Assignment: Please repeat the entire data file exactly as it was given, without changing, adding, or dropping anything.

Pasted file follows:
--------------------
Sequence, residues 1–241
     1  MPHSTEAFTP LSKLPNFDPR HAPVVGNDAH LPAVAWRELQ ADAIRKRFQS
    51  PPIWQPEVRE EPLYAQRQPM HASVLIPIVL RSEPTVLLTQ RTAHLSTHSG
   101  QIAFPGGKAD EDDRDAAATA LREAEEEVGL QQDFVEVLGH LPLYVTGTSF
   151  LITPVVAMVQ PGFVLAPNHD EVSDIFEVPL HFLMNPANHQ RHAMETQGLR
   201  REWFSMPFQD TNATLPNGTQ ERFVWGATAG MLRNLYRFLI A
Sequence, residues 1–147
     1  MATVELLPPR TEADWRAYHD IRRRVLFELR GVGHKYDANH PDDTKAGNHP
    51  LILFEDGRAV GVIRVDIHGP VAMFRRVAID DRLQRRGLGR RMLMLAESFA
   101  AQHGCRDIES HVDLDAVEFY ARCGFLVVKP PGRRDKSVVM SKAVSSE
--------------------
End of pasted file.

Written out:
Sequence, residues 1–241
     1  MPHSTEAFTP LSKLPNFDPR HAPVVGNDAH LPAVAWRELQ ADAIRKRFQS
    51  PPIWQPEVRE EPLYAQRQPM HASVLIPIVL RSEPTVLLTQ RTAHLSTHSG
   101  QIAFPGGKAD EDDRDAAATA LREAEEEVGL QQDFVEVLGH LPLYVTGTSF
   151  LITPVVAMVQ PGFVLAPNHD EVSDIFEVPL HFLMNPANHQ RHAMETQGLR
   201  REWFSMPFQD TNATLPNGTQ ERFVWGATAG MLRNLYRFLI A
Sequence, residues 1–147
     1  MATVELLPPR TEADWRAYHD IRRRVLFELR GVGHKYDANH PDDTKAGNHP
    51  LILFEDGRAV GVIRVDIHGP VAMFRRVAID DRLQRRGLGR RMLMLAESFA
   101  AQHGCRDIES HVDLDAVEFY ARCGFLVVKP PGRRDKSVVM SKAVSSE